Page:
– Deane Yang
    Aug 3, 2011 at 2:30
  • $\begingroup$ Thanks, Deane. It's a pleasant surprise to be told I'm so well-connected, as I'm genuinely a total amateur at this stuff. $\endgroup$ Aug 3, 2011 at 2:33
  • $\begingroup$ The other obvious person to ask is Dan Klain. $\endgroup$
    – Deane Yang
    Aug 3, 2011 at 3:42
  • $\begingroup$ Is it possible that your "cousin of the determinant" is just the permanent? $\endgroup$
    – Wolfgang
    Oct 14, 2018 at 20:24

2 Answers 2


Sorry to answer my own question, but asking this in public seems to have spurred me into thought.

As auniket suspected, the answer is "yes" in the strongest sense I'd hoped: properties 1-3 do characterize mixed volume. In fact, something slightly stronger is true: $V$ is the unique function $(\mathscr{K}_n)^n \to \mathbb{R}$ satisfying

  1. $V(A, \ldots, A) = Vol(A)$

  2. $V$ is symmetric

  3. $V(A_1 + A'_1, A_2, \ldots, A_n) = V(A_1, A_2, \ldots, A_n) + V(A'_1, A_2, \ldots, A_n)$.

In other words, we don't need multilinearity, just multiadditivity.

The proof is along the lines suggested by auniket.

Fix $n$ and $A_1, \ldots, A_n \in \mathscr{K}_n$. Write $\mathbf{n} = \{1, \ldots, n\}$, and for sets $R$ and $S$, write $\mathrm{Surj}(R, S)$ for the set of surjections $R \to S$.

I claim that for all subsets $S$ of $\mathbf{n}$, $$ \sum_{f \in \mathrm{Surj}(\mathbf{n}, S)} V(A_{f(1)}, \ldots, A_{f(n)}) $$ is uniquely determined by the properties above. The proof will be by induction on the cardinality of $S$. When $S = \mathbf{n}$, this sum is $$ n! V(A_1, \ldots, A_n), $$ so this claim will imply the characterization theorem.

To prove the claim, take $S \subseteq \mathbf{n}$. Then $$ Vol(\sum_{i \in S} A_i) = \sum_{f: \mathbf{n} \to S} V(A_{f(1)}, \ldots, A_{f(n)}) $$ by the three properties. This in turn is equal to $$ \sum_{R \subseteq S} \sum_{f \in \mathrm{Surj}(\mathbf{n}, R)} V(A_{f(1)}, \ldots, A_{f(n)}). $$ By the inductive assumption, all but one of the summands in the first summation - namely, $R = S$ - is uniquely determined. Hence the $S$-summand is uniquely determined too. This completes the induction, and so completes the proof.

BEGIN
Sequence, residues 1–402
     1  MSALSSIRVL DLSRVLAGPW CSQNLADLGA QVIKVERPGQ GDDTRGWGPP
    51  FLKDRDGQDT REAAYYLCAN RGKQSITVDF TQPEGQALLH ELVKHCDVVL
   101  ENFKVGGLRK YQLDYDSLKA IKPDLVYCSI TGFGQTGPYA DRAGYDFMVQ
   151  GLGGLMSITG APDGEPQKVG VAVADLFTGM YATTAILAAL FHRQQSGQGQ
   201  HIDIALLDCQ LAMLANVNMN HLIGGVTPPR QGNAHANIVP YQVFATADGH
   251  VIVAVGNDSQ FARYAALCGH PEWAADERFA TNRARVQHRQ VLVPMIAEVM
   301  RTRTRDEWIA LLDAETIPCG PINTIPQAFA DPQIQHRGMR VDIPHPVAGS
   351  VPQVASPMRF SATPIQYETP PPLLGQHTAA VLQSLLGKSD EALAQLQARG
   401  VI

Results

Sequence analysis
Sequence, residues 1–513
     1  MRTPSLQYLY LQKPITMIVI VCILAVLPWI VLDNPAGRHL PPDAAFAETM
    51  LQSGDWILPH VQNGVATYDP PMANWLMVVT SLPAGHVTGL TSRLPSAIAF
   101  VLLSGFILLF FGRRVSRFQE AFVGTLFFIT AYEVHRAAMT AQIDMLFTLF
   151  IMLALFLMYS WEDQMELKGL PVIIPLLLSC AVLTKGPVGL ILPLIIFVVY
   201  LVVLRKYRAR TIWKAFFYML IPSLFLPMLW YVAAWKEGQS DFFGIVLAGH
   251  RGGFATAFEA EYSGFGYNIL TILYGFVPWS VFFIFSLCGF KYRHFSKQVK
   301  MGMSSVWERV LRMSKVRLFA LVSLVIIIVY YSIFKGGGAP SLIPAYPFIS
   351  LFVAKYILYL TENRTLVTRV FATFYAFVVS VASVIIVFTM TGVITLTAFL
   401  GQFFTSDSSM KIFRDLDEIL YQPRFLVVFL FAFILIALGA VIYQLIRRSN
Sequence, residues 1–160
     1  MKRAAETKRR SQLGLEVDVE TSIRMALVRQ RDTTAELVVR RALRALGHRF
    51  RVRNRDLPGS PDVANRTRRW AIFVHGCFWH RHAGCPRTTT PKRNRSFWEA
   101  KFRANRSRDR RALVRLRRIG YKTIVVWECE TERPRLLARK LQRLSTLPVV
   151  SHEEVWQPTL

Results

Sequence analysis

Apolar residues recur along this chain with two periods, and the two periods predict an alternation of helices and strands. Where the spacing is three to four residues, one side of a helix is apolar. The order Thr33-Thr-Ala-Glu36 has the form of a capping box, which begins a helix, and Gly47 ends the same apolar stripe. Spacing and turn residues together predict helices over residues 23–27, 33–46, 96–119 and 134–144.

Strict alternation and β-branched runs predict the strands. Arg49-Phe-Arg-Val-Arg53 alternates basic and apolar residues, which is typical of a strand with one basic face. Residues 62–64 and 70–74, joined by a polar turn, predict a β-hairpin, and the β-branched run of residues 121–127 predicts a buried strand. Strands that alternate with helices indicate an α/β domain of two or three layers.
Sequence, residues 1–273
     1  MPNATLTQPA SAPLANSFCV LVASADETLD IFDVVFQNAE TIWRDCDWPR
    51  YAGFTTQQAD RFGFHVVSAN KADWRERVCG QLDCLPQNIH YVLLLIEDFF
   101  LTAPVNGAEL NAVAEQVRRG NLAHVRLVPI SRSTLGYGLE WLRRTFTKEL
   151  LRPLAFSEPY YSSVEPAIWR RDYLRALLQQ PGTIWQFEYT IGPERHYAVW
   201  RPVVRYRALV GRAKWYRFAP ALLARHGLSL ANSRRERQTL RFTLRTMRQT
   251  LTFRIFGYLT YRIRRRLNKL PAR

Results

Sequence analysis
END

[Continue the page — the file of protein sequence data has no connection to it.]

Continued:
The proof makes it clear that $V(A_1, \ldots, A_n)$ is some rational linear combination of ordinary volumes of Minkowski sums of some of the $A_i$s. It must be possible to unwind this proof and get an explicit expression; and that expression must be the one auniket gave (which also appears in Lemma 5.1.3 of Schneider's book Convex Bodies: The Brunn-Minkowski Theory).

This all seems rather easy, and must be well-known, though I'm a bit surprised that this characterization isn't mentioned in some of the things I've read. Incidentally, I now understand why it doesn't appear in the paper of Milman and Schneider mentioned in my question: they explicitly state that they want to avoid assuming property 1.


I think the first three properties do indeed characterize mixed volume. For example, in two dimensions they imply that

$V(A_1, A_2) = \frac{1}{2}(V(A_1 + A_2, A_1 + A_2) - V(A_1, A_1) - V(A_2,A_2))$
$= \frac{1}{2}(Vol(A_1 + A_2) - Vol(A_1) - Vol(A_2)),$

which gives the formula of mixed volume in terms of volume. You can perform the same trick to get in 3 dimensions:

$V(A_1,A_2, A_3) = \frac{1}{6}(Vol(A_1+A_2+A_3) - Vol(A_1+A_2) - Vol(A_2+A_3)$
$- Vol(A_3+A_1) + Vol(A_1) + Vol(A_2) + Vol(A_3))$

In general I believe you get something like:

$V(A_1, \ldots,A_n) = \frac{1}{n!}(Vol(A_1 + \cdots + A_n) - \sum_{i=1}^n Vol(A_1 + \cdots \hat A_i + \cdots + A_n)$
$ + \cdots +(-1)^{n-1}\sum_{i=1}^n Vol(A_i))$

I learned of this from Bernstein's paper that contains his famous result that the number of solutions in $(\mathbb{C}^*)^n$ of $n$ generic Laurent polynomials is precisely the mixed volume of their Newton polytopes.

  • 1
    $\begingroup$ Great! Thanks. I see that formula in Lemma 5.1.3 of Schneider's book Convex Bodies, but he doesn't say there that it holds for all convex bodies (just ones in a certain class), and he also doesn't say there that it follows from properties 1-3. $\endgroup$ Aug 3, 2011 at 15:00